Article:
Carl Nielsen 
I always feel a little suspicious when the works of a particular composer need “promotion,” don’t you?
The first such composer who comes to mind is Paul Hindemith. Back in the 1940s, my parents attended some meetings of a Hindemith Society in New York, an organization that endeavored to teach music-lovers about the system that Hindemith (1895-1963) used to compose music. The society also aimed to encourage listeners to appreciate his works. Today, several Hindemith societies still exist, including the Hindemith Institute in Frankfurt, Germany. And then there are the efforts of my alma mater, The Yale School of Music, which mounts occasional attempts to encourage people to contribute money to the School in the memory of Hindemith, who taught composition there after he came to America. I have no idea how well the school’s Hindemith-based fundraising works. (I took a semester-long graduate seminar on the music of Hindemith at the Yale School when I was a student there; it wasn’t very interesting.)
Let’s face it. Despite promotional efforts, the music of Hindemith remains essentially dull.
Yes, there were some early works that tilted toward being avant-garde, like his early Kammermusikcompositions. Later, as Hindemith began to formulate a system of composition, things got more boring, and pretty much stayed that way. His sonatas and other works for stringed instruments are beloved by string players – Hindemith was a viola-player and wrote well for stringed instruments.  His operas Mathis der Maler and Harmonie der Welt gained some traction for a time, but failed to sustain interest or gain a place in the standard repertory.

The Case of Carl Nielsen (1865-1931)

I have to observe that it is difficult to distinguish between the “discovery” and the “promotion” of a composer and his or her works. But it nonetheless seems to me that the works of Carl Nielsen fall into the latter category. Here in the U.S., it was Leonard Bernstein who, during his years at the New York Philharmonic, began to program Nielsen’s works more extensively. More recently the Philharmonic’s current music director, Alan Gilbert, has been programming more Nielsen for his New York audiences. He and the Philharmonic are also engaged in an extensive effort to record all of the composer’s orchestral works.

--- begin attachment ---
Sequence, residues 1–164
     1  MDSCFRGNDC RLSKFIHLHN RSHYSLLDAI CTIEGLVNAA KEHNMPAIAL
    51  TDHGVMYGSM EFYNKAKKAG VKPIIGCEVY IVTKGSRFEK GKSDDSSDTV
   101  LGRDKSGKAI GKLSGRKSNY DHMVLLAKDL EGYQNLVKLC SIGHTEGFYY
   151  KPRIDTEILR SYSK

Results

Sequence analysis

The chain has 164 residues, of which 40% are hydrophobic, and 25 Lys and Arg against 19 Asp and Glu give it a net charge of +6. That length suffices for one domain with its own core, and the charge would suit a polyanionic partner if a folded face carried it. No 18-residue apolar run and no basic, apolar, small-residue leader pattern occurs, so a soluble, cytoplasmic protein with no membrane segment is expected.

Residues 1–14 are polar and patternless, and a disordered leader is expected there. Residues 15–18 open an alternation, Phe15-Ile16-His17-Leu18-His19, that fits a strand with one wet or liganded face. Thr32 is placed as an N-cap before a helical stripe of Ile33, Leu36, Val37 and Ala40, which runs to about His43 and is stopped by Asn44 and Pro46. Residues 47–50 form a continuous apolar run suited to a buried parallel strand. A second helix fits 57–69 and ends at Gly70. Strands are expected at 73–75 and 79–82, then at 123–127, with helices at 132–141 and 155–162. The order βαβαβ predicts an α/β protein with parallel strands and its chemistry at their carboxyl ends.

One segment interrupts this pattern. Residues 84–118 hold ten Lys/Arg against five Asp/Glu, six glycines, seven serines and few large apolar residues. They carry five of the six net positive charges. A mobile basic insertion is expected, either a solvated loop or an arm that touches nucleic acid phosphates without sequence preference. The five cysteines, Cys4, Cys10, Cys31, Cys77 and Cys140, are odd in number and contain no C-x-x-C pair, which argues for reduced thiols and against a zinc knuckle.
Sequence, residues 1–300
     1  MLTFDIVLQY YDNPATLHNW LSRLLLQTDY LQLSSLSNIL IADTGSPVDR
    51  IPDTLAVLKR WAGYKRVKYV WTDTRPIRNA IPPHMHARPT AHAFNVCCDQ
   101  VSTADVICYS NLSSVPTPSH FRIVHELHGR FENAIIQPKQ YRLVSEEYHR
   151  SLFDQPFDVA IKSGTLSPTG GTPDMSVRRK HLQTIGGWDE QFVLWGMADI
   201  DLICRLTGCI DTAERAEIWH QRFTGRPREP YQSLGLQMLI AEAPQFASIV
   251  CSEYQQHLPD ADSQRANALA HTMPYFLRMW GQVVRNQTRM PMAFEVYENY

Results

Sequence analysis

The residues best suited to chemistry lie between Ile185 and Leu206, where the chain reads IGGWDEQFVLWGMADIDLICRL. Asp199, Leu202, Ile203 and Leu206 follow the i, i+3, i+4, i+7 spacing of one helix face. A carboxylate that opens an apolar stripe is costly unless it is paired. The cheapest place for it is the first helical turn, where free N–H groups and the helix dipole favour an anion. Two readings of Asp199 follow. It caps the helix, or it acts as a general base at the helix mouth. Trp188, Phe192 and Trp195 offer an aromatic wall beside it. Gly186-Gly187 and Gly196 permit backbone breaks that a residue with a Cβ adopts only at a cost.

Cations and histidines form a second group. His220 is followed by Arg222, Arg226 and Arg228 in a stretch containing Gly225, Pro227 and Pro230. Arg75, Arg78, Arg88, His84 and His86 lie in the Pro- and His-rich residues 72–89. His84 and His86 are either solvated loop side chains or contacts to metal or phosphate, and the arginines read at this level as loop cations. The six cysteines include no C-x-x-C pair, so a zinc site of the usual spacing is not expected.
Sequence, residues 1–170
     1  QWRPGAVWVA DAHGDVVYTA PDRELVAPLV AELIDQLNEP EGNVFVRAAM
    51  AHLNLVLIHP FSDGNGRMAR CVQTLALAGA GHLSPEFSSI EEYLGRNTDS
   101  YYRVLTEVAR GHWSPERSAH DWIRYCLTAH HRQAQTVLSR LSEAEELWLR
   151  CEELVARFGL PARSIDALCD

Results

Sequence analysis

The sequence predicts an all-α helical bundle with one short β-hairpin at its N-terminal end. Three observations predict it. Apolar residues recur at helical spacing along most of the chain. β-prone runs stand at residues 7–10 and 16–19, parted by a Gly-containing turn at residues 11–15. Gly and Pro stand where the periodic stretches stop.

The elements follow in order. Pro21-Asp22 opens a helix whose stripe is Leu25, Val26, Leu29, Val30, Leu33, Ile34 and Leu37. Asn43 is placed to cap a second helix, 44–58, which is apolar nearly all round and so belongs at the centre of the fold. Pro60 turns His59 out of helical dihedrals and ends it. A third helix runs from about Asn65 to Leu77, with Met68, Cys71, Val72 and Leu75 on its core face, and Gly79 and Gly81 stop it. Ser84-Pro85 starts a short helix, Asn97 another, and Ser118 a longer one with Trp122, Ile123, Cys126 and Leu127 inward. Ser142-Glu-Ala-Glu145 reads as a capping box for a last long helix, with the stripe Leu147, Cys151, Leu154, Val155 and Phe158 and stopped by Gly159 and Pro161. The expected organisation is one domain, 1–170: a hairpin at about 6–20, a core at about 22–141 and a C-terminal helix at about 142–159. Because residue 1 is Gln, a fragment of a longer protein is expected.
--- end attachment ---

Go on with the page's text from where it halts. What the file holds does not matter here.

Nielsen vs. Mahler (1860-1911)

It could be argued that Bernstein also promoted the works of Gustav Mahler. If that was the case, his promotion of the music of Mahler succeeded a lot better, as orchestras now perform Mahler symphonies and his other works all the time.

There are, however, significant differences between the histories of Nielsen and Mahler, not to mention their music. In the years before Bernstein began to program a lot of Mahler, Mahler’s works had not fallen out of the international orchestral repertoire. In fact, they were played a lot, and very well. I am thinking especially of the luminous recordings that Otto Klemperer and Bruno Walter made of Mahler’s Symphony No. 4.During those same years, the works of Nielsen were played most often in his native Denmark.

As all music-lovers know, Mahler’s works became wildly popular with New York audiences, and Bernstein went on to program them more extensively in his concerts in other cities and countries. That success is due to many factors. The music of Mahler synched quite well with Bernstein’s highly demonstrative conducting style. It is a controversial thing to say, but I also suspect that New York audiences loved Mahler’s music because it is so neurotic, and New Yorkers are the most neurotic people in the world.

The music of Nielsen remains a harder sell. It is beautifully conceived and orchestrated. It takes a great orchestra to play Nielsen capably.

Yet to me – and feel free to challenge me on this view – the works of Nielsen are a sidebar to the history of 20th Century classical music, not a central issue, and not really great music. I admire the efforts of Maestro Gilbert and his great orchestra to present worthy orchestral works and to broaden programming. Yet despite all the efforts of both Bernstein and now Gilbert, getting people to adore Nielsen is going to be a tough sell.